On Alabama’s first drive of the game, the Tide was forced to attempt a field goal. In what quickly became the theme for the night, Cade Foster missed the kick.
After trading punts, Nick Marshall took a zone read and ran it 45 yards for the game’s first score. At the end of the 1st quarter, Auburn led 7-0.
Alabama then scored on all three of their drives in the 2nd quarter, thanks to an Auburn fumble and a few three-and-outs. But with a few minutes on the clock before halftime, Auburn rode Tre Mason down the field to get the deficit back to one touchdown.
Auburn got the ball first in the 2nd half and also took that drive down and scored to tie it up early in the 3rd quarter with a nice pass from Marshall to CJ Uzomah. Entering the 4th quarter, the game was tied at 21-21.
After Cade Foster missed another field goal, Auburn stalled on their drive as well. But punter Steven Clark pinned Alabama at the their 1-yard line. Then AJ McCarron’s “Heisman moment” happened.
Due to some bad pass coverage, AJ chunked one up, Amari Cooper caught it, and ran nearly 50 yards at a steady jog to finish off a 99-yard touchdown pass. It was disgusting.
The 4th quarter was a lot of back and forth with some fumbles, some missed field goals, and lots of punts, but with 2:32 on the clock and 65 yards to go, Auburn drove down with a steady dose of Tre Mason. The drive ended with the aforementioned pass to Sammie Coates with 32 seconds on the clock. The game was tied.
It appeared Alabama would run the clock out, but on what appeared to be the final play of regulation, TJ Yeldon got a few more yards than Auburn wanted and stepped out of bounds. Nick Saban then asked (begged) for the officials to check the clock. After a lengthy review, they put a second back on the clock.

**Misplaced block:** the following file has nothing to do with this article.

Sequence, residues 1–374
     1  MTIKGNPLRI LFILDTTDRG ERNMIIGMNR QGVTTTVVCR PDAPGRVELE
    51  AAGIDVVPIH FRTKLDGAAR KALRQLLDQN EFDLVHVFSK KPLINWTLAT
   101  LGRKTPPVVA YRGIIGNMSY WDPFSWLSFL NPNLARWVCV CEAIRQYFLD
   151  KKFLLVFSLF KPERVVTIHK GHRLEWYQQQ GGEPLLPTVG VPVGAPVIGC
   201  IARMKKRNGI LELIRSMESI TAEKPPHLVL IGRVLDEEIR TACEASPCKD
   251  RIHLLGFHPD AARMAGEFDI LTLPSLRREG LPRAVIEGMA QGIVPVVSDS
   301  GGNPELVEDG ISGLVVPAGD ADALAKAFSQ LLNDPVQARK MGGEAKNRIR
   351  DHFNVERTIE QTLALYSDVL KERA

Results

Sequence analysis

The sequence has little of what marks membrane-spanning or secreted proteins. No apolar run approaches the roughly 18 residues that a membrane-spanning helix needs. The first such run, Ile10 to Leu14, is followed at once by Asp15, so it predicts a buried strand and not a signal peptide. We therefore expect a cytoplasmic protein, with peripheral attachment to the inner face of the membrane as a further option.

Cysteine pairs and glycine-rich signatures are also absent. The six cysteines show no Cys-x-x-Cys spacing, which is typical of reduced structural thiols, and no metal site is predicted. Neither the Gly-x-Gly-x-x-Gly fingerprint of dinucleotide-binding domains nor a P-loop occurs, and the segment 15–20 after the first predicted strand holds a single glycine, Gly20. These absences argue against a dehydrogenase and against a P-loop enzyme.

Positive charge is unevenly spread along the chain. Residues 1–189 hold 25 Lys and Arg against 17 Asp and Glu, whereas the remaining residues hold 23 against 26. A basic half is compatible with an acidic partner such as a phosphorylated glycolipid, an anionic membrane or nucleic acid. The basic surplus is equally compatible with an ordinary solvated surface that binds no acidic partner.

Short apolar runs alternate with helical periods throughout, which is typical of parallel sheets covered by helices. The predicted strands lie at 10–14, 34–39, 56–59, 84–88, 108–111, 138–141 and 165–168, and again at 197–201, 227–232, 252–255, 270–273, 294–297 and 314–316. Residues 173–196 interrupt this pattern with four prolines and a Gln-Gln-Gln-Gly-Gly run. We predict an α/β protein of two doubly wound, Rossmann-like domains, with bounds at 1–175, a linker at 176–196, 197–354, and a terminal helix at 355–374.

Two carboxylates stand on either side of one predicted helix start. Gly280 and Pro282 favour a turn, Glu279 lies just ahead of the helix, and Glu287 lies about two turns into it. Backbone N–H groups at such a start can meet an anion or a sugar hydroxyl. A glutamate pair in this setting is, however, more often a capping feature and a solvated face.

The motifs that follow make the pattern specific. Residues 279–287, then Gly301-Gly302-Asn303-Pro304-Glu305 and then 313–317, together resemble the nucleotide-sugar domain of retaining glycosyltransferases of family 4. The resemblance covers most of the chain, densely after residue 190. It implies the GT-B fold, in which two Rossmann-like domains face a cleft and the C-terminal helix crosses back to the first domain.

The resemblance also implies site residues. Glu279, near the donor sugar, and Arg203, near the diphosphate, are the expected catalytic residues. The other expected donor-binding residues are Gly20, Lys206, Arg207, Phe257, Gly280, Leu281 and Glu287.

Much to everyone’s surprise, Nick Saban sent a kicker out on the field. It wasn’t Cade Foster. It was a freshman. After an attempt to ice the kicker, Gus decided to send Chris Davis to the end zone for an attempt at a return.
You know what happened next. It was the biggest and best ending it college football history.
Why did I pick this game? Aside from it ending with the greatest and most gut-wrenching play in the history of football, this was one of the best Iron Bowls I have ever seen. It was back and forth, it seemed lost, and then it wasn’t. It was truly a heavyweight battle with an amazing finish.
Fun Fact: This was the first game in college football history that ended on a game-winning missed field goal return.
Play of the Game: Chris Davis caught Alabama’s attempt at a game-winning field goal with one second left on the clock and returned it 109 yards to victory.
Player of the Game: Nick Marshall had a great game. Tre Mason had a great game. Chris Davis had one of the best plays of all time. This one goes to Chris.
Quote of the Game: “I knew when I caught the ball I would have room to run. I knew they would have big guys on the field to protect on the field goal. When I looked back, I said, ‘I can’t believe this.'” – Chris Davis
Game Story: ESPN
The Kick Six (w/ radio call):
You can view the rest of the 2020 edition of this list here.